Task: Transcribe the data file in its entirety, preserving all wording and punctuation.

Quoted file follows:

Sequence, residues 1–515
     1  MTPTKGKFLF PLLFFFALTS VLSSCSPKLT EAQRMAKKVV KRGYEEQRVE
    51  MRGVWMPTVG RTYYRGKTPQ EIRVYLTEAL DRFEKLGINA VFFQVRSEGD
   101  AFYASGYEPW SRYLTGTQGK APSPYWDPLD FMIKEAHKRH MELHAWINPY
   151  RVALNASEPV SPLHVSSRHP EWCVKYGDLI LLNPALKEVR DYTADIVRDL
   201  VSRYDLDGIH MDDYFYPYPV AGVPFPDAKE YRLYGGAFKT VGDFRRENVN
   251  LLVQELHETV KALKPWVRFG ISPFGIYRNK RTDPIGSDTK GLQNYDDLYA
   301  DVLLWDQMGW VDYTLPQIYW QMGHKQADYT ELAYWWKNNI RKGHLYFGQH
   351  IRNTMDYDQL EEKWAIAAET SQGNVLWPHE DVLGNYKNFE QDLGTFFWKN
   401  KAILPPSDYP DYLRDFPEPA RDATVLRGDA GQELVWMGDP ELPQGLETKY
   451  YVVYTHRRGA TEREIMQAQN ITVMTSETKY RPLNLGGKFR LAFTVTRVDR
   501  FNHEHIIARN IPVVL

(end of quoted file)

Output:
Sequence, residues 1–515
     1  MTPTKGKFLF PLLFFFALTS VLSSCSPKLT EAQRMAKKVV KRGYEEQRVE
    51  MRGVWMPTVG RTYYRGKTPQ EIRVYLTEAL DRFEKLGINA VFFQVRSEGD
   101  AFYASGYEPW SRYLTGTQGK APSPYWDPLD FMIKEAHKRH MELHAWINPY
   151  RVALNASEPV SPLHVSSRHP EWCVKYGDLI LLNPALKEVR DYTADIVRDL
   201  VSRYDLDGIH MDDYFYPYPV AGVPFPDAKE YRLYGGAFKT VGDFRRENVN
   251  LLVQELHETV KALKPWVRFG ISPFGIYRNK RTDPIGSDTK GLQNYDDLYA
   301  DVLLWDQMGW VDYTLPQIYW QMGHKQADYT ELAYWWKNNI RKGHLYFGQH
   351  IRNTMDYDQL EEKWAIAAET SQGNVLWPHE DVLGNYKNFE QDLGTFFWKN
   401  KAILPPSDYP DYLRDFPEPA RDATVLRGDA GQELVWMGDP ELPQGLETKY
   451  YVVYTHRRGA TEREIMQAQN ITVMTSETKY RPLNLGGKFR LAFTVTRVDR
   501  FNHEHIIARN IPVVL